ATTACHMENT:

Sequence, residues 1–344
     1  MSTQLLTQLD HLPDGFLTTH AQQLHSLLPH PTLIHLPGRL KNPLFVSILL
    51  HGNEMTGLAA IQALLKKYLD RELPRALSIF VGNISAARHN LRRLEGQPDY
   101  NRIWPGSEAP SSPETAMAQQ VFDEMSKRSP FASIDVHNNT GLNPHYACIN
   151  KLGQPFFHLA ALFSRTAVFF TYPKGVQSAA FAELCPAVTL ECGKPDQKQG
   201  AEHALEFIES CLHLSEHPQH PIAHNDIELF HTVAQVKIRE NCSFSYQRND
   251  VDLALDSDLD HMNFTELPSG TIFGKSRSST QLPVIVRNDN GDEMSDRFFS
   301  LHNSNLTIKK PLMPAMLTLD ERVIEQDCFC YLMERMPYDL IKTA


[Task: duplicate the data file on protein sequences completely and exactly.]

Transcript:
Sequence, residues 1–344
     1  MSTQLLTQLD HLPDGFLTTH AQQLHSLLPH PTLIHLPGRL KNPLFVSILL
    51  HGNEMTGLAA IQALLKKYLD RELPRALSIF VGNISAARHN LRRLEGQPDY
   101  NRIWPGSEAP SSPETAMAQQ VFDEMSKRSP FASIDVHNNT GLNPHYACIN
   151  KLGQPFFHLA ALFSRTAVFF TYPKGVQSAA FAELCPAVTL ECGKPDQKQG
   201  AEHALEFIES CLHLSEHPQH PIAHNDIELF HTVAQVKIRE NCSFSYQRND
   251  VDLALDSDLD HMNFTELPSG TIFGKSRSST QLPVIVRNDN GDEMSDRFFS
   301  LHNSNLTIKK PLMPAMLTLD ERVIEQDCFC YLMERMPYDL IKTA